Turkey’s political prisoners at risk from COVID-19

Issue 
Political prisoners fear they effectively have a death sentence.

About 50,000 political prisoners fear they are facing effective death sentences as the COVID-19 pandemic spreads through Turkey's jails. While the government has decided to release a third of the country's 300,000 prisoners to avert a disaster, political prisoners will not be considered for release.

Turkey has the ninth-highest number of confirmed COVID-19 cases in the world. Its 69,392 officially confirmed cases (as of April 15) place Turkey just behind Iran, which it threatens to overtake soon.

There have been 1518 deaths from COVID-19 but the Turkish Medical Association (TTB) has claimed that these official figures understate the real death toll.

The prison population has swelled in recent years because of mass arrests of teachers, journalists, lawyers, public servants and opposition politicians by President Recep Tayyip Erdoğan's dictatorial government. 

Prisoners are forced to live in poor and cramped conditions. After first denying that the pandemic had entered the prison system, the government admitted on April 13 that 17 prisoners had tested positive to the coronavirus and three of them had died.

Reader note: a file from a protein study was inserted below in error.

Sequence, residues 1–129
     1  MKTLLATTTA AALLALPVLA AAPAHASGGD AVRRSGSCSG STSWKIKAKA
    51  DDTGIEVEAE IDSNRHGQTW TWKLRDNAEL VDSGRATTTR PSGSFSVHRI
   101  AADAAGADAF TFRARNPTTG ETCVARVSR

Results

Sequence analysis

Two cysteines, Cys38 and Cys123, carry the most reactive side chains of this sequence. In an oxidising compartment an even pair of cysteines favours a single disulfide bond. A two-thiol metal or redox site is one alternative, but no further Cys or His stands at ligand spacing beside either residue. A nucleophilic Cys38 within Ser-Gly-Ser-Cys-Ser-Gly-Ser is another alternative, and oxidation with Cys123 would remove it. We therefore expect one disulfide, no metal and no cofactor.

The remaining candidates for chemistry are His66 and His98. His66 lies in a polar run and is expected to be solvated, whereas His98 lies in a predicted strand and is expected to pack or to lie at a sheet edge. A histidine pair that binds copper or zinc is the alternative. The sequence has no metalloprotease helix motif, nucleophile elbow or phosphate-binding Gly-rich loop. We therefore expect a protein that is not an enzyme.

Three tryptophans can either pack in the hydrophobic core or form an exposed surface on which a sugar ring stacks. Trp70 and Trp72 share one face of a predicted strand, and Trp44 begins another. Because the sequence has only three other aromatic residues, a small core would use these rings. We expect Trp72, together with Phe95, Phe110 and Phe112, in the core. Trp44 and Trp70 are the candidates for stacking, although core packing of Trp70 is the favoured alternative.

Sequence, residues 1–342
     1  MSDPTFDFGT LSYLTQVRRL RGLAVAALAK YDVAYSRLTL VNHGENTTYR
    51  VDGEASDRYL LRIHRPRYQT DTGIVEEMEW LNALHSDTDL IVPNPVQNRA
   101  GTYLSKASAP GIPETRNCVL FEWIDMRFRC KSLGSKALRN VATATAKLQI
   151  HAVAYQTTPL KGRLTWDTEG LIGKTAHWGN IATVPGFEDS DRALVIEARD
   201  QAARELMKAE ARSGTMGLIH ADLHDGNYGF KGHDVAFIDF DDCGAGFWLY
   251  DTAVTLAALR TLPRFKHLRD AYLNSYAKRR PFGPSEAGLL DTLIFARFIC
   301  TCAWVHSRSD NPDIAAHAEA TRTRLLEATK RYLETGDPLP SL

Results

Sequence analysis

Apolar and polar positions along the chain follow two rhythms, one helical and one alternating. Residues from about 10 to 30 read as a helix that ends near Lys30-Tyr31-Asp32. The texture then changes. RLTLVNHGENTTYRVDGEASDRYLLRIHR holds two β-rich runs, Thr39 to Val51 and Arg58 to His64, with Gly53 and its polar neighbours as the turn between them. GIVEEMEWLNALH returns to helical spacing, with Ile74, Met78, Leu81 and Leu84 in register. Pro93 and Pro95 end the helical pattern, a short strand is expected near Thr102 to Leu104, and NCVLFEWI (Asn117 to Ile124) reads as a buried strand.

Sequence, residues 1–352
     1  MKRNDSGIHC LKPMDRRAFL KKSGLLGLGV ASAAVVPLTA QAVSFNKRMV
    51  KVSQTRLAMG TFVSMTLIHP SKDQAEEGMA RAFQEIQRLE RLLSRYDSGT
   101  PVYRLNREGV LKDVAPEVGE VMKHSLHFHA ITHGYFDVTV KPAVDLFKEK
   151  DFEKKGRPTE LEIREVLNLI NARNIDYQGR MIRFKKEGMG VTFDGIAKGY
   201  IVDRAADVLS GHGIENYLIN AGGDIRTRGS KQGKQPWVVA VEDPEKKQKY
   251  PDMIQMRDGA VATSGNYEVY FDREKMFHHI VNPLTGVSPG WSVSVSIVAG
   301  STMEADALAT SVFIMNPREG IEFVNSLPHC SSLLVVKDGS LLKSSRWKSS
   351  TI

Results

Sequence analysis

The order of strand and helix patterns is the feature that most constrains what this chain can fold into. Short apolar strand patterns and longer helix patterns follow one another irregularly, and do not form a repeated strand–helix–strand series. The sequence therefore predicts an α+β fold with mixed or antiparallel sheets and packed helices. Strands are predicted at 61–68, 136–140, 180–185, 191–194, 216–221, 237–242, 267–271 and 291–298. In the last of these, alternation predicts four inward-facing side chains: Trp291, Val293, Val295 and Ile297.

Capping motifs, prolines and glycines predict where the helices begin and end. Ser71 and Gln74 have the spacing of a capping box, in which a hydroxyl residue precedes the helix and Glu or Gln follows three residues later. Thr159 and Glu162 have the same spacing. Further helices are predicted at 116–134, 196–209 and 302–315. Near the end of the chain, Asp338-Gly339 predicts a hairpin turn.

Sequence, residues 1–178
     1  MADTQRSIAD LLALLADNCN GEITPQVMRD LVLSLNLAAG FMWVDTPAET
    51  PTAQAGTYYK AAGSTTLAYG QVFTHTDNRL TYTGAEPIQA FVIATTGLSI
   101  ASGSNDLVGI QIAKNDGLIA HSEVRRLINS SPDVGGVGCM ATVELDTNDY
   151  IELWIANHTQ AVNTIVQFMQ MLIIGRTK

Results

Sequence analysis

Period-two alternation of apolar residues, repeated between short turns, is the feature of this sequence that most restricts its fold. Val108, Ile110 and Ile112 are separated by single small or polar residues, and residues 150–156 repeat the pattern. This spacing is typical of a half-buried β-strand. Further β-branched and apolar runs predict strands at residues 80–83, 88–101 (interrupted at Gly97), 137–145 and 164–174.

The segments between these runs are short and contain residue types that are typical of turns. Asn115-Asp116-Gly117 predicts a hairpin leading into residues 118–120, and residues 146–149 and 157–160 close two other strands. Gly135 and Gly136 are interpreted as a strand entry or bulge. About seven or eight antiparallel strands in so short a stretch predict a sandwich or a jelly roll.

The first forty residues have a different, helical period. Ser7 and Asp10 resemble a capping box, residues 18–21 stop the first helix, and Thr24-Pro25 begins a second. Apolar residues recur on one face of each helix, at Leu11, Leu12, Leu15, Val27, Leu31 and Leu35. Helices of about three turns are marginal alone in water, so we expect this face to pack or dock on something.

Among the political prisoners excluded from special release is Selahattin Demirtas, former head of the pro-Kurdish People's Democratic Party (HDP). His lawyer warned that Demirtas is at high risk from COVID-19 because he has high blood pressure and has undergone surgery for respiratory problems.

The HDP and 10 other opposition parties have issued a joint statement protesting this gross discrimination against political prisoners. The statement said the prisoners are effectively "condemned to death".

"Thieves, corrupt people, the mafia, drug dealers, people who commit violence against women, rape and abuse children can benefit from the law," said the statement.

“On the other hand, those who have exercised their right to freedom of thought and expression are excluded."

The United Nations, the Council of Europe's Committee for the Prevention of Torture and its Parliamentary Assembly rapporteurs, the European Parliament and the European associations of judges, along with leading international human rights organisations have warned the Turkish government about the dangers of leaving political prisoners locked up during the COVID-19 pandemic.

The Federation of Democratic Kurdish Society-Australia called on concerned groups and individuals to urgently contact the Turkish government and call for an end to the discrimination against political prisoners, and for candidates for early release to be selected on the basis of medical need and not on the basis of political affiliation.

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